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If a and b must be positive integers, what is the largest integer n such that 13a + 18b = n has no solutions?

waffles  Aug 23, 2017
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If a and b must be positive integers, what is the largest integer n such that 13a + 18b = n has no solutions?


I I don't know, I am getting really confused here . ://

 

This is what I am considering.

 

I used the euclidean algorithm, followed by the extended euclidean algorithm to come up with the generic solutions of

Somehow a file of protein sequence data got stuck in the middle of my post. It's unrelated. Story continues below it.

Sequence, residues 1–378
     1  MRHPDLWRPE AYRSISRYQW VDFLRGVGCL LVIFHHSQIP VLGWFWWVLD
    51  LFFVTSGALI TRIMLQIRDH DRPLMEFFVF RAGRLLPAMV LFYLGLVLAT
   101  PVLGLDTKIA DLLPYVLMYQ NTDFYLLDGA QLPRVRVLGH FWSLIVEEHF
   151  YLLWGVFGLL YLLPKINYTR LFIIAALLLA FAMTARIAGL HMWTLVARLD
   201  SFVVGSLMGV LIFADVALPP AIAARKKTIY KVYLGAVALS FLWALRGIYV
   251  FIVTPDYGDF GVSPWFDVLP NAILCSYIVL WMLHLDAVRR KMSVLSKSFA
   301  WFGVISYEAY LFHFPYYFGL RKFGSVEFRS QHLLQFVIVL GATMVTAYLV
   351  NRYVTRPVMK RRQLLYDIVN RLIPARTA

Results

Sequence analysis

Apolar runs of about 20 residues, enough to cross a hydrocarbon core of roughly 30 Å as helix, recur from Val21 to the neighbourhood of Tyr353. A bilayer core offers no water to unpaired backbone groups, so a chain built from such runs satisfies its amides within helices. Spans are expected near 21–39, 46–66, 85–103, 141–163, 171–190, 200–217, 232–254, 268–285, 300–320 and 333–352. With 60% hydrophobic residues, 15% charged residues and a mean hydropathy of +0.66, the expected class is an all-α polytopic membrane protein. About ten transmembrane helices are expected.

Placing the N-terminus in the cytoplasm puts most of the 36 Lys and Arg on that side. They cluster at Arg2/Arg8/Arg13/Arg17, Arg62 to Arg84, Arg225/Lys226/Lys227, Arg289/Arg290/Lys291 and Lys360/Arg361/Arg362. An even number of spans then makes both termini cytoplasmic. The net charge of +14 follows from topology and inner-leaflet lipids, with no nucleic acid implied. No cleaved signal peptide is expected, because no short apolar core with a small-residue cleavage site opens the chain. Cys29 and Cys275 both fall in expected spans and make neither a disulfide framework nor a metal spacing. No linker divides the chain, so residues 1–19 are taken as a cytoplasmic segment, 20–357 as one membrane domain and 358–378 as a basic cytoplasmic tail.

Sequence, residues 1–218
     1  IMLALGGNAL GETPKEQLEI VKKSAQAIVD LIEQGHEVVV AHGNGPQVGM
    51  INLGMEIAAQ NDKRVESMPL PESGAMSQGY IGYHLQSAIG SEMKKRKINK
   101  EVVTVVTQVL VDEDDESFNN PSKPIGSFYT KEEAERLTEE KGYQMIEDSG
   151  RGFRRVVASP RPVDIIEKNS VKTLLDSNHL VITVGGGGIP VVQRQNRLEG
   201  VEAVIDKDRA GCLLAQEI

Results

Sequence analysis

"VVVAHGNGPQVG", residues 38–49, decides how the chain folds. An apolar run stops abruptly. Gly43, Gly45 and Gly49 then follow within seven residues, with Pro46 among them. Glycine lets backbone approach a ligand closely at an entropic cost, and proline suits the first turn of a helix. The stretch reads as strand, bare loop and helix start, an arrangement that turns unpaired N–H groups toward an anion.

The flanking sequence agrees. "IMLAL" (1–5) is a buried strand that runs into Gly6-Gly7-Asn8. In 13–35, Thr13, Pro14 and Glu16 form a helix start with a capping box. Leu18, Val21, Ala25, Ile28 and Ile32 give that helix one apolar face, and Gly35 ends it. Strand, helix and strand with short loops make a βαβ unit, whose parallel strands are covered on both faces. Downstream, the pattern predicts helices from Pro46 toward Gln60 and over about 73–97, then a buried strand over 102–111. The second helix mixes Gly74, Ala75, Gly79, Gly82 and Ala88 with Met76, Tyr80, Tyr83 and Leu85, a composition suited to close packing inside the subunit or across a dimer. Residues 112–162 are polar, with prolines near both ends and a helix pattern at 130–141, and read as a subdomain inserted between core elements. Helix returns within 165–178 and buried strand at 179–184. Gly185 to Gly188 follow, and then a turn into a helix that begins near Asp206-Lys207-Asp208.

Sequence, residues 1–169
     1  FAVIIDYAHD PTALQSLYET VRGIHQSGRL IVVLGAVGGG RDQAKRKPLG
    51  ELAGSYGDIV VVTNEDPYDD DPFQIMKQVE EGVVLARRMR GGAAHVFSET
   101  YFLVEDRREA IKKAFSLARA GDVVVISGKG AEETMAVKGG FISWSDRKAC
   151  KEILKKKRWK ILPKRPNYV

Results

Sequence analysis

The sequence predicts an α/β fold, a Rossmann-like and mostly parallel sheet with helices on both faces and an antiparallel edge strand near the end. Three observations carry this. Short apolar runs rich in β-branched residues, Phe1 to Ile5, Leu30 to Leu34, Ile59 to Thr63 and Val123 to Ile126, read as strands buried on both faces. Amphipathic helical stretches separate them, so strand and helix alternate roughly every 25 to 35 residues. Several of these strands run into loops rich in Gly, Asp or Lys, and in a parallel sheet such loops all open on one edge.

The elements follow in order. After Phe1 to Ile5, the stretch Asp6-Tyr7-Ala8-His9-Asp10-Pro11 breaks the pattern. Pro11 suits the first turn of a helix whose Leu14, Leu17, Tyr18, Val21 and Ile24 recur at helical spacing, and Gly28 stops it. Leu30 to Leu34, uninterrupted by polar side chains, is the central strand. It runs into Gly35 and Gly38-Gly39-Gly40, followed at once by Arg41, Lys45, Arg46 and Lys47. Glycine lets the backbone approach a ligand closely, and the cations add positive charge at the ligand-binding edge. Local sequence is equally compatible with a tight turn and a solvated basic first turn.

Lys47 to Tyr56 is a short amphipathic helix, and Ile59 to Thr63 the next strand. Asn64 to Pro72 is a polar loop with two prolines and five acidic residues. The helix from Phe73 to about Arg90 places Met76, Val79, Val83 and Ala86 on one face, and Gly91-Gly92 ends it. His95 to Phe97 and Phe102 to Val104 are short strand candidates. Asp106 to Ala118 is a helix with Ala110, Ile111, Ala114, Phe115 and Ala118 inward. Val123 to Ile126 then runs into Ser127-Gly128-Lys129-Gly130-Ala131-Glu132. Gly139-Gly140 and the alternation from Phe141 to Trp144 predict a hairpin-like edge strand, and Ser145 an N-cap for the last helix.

a= 7n-18k

b= -5n+13k

Where k is any integer.  So they are the answers to the diaphantine equation.   13a+18b=n

 

since a and be must both be positive

\(7n-18k>0\\ n>\frac{18k}{7}\qquad \qquad n>\frac{90k}{35} \\ -5n+13k>0\\ n<\frac{13k}{5}\qquad \qquad n<\frac{91k}{35} \\~\\ \frac{90k}{35} < n<\frac{91k}{35} \)

 

Mmm...   I have no idea where this is going. 

Melody  Aug 23, 2017
edited by Melody  Aug 23, 2017
edited by Melody  Aug 23, 2017
edited by Melody  Aug 23, 2017

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